Saturday, May 3, 2014

DBS for Depression Studies
Map of 24 studies found by search of depression and "deep brain stimulation" -parkinson -anorexia -obsessive ...  from
16 of these are considered 'Open', as in either recruiting or about to be. (Map should be clickable, Click "Open" for just the open ones).

In the latest paper released with  Dr. Mayberg, Patricio Riva-Posse, MD, Emory assistant professor of psychiatry and behavioral sciences says "...results suggest that clinical outcome can be significantly influenced by optimally modulating the response network defined by tractography," [Um, that's a mouthful, but I'm going to translate in laymen: 'using the latest in neuro-imaging, there is a real good chance we can pinpoint exactly where the brain needs some stimulation']

(added... a shorter synopsis

Precise brain mapping can improve response to deep brain stimulation in depression

A new study using MRI analysis of the white matter connections examined the architecture of this network in patients who demonstrated significant response to SCC DBS. (Source: Emory Eniversity)
So what do these pretty pictures and map have to do with each other? Everything for the future of DBS and mental illness (not just Depression).  In the map above, I excluded anorexia, OCD et al.  (Not all studies will proceed and I am sure not all studies are listed).

So the race is on.  The German-Bonn (Nucleus Accumbens) studies look "rewarding" and are moving to the Americas (UT Houston), but Bonn is continuing to chart new frontiers; while Emory is "focusing" in on reliable mapping.  Although I haven't heard anything lately, I'm sure the Cleveland Clinic still has their "head" in the game. (Bad puns intended.)

Locations mentioned in clinical trials:
  • Nucleus Accumbens
  • Subcallosal Cingulate 
  • Internal Capsule 
  • Superolateral Branch of the Medial Forebrain Bundle (slMFB)
  • Ventral Caudate Nucleus
  • Inferior Thalamic Peduncle
The studies seem to be split between the 2 major medical stimulation device manufactures although I can find fewer results from the Medtronics group.  I am not a Doctor nor Neuropsychologist so these are layman's extrapolations/interpretations/translations.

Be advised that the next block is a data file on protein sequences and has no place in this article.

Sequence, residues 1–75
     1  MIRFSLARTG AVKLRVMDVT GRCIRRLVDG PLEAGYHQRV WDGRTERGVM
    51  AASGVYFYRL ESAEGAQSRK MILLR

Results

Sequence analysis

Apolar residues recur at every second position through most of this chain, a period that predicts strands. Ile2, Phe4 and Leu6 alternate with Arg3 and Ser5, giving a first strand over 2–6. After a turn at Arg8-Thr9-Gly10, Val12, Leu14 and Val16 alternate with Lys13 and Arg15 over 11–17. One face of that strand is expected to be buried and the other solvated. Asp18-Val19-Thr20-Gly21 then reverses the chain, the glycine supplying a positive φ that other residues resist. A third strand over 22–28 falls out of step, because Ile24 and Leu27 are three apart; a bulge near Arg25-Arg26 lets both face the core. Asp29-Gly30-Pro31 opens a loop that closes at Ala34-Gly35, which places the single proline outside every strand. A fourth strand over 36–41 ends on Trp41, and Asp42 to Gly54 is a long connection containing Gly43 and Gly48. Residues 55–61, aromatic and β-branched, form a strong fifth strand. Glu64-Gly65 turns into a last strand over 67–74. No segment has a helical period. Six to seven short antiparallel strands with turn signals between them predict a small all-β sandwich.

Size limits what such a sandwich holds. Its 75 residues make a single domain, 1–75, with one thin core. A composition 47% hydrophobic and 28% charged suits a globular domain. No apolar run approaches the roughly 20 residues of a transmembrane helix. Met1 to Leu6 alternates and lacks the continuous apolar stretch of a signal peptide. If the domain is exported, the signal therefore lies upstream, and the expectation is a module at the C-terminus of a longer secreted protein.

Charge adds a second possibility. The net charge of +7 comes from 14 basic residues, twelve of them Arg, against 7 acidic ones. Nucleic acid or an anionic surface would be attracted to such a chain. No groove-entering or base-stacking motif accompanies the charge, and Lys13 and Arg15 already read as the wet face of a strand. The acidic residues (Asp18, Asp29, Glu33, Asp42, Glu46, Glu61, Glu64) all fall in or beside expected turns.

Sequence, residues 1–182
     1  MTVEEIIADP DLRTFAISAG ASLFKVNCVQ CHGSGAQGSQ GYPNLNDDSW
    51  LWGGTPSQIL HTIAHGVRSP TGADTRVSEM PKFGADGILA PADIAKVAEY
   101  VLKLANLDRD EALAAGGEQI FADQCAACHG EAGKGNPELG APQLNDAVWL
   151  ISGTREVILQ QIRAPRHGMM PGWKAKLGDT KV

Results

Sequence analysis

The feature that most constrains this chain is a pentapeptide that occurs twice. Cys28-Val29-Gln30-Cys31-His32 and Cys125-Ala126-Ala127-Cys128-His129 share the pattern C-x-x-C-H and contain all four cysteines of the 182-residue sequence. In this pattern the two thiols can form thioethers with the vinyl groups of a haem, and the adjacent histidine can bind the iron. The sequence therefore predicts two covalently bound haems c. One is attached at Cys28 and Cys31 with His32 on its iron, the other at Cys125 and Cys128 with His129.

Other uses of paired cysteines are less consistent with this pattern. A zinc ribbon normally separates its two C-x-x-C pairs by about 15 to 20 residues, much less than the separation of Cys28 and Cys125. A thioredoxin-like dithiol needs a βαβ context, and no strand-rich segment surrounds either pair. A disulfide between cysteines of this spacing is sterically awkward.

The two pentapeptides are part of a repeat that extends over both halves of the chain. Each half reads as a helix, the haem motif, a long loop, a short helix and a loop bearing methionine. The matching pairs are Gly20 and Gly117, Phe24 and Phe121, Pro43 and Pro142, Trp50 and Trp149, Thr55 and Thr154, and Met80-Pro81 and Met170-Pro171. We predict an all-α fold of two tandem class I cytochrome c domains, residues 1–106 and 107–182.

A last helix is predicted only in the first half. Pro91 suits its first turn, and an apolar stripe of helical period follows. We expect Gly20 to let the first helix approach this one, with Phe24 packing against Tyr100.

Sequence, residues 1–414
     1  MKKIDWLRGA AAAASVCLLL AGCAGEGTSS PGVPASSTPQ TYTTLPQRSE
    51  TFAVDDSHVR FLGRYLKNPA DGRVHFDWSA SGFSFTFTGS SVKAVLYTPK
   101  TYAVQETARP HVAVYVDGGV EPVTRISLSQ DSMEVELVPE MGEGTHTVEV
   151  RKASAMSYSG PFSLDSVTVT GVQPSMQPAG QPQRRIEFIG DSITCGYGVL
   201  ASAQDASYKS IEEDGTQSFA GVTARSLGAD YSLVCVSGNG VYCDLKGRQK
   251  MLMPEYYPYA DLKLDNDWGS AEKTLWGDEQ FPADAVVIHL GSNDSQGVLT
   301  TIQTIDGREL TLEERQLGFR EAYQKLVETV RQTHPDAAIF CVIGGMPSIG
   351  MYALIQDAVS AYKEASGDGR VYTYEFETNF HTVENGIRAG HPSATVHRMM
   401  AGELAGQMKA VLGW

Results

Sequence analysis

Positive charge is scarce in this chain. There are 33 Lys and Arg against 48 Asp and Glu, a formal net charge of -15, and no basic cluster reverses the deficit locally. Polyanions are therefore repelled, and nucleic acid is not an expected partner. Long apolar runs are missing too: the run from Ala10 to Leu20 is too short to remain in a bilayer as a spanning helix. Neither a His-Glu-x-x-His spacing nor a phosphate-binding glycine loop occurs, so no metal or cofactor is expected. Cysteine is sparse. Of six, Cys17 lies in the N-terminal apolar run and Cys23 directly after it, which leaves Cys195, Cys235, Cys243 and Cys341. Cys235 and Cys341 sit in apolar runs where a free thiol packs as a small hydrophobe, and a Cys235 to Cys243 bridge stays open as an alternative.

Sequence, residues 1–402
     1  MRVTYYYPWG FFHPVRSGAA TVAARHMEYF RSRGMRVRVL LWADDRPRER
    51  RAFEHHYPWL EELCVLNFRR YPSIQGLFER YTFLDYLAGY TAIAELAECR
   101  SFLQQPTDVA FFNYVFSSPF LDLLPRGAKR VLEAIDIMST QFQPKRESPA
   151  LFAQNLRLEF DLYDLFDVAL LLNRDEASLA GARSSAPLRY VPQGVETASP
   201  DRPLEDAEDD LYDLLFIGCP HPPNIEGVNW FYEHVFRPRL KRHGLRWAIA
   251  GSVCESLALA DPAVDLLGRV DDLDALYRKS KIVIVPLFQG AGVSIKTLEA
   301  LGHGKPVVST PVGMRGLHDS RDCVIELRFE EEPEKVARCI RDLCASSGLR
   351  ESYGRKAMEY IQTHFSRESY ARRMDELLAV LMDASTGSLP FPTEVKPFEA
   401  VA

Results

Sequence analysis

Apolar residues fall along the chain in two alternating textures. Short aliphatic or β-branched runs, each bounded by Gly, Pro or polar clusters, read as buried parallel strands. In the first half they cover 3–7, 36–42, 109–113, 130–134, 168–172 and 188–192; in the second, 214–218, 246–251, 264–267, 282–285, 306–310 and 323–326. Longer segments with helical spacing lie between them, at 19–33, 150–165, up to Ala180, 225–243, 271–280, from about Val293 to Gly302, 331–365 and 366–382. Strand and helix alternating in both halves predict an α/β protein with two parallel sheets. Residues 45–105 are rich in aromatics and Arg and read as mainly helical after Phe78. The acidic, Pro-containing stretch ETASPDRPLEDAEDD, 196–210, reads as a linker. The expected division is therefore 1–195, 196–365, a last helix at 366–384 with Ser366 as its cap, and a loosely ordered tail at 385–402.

Now for my usual optimistic but caveat emptor: anyone considering being involved in one of these MUST fully understand the potential risks.  Here is a YouTube video of a fellow Brodmann participant that describes his terrible experience related to the surgery and follow-up care.  However even he verbalizes optimism for the research towards the end at 14:10; calling for more oversight, not an end to the studies.  Good luck Steve, and thanks for trying to pioneer this forward.  I hope something can be done soon for both your pain and for the depression. [Stanford - wake up! In my opinion, your inability to rectify this situation is soiling your name, the study's name (which needs no extra soiling at this point), and the worst - possibly contaminating future studies. And yes, I have seen Stanford  IP addresses view my blog, so I'll know when you see this - same for you ANS].

And though I don't like to give advice, here is my 2 cents on my study's current dilemma via a suggestion I recently had:  Get the exact details, in writing, of what happens if the study is cancelled.  Will they continue to provide replacement units if your insurance won't?  The question is NOT what happens if the FDA doesn't approve it - although you need to ask that as well, but even if the FDA approves it and your insurance company won't pay for a replacement....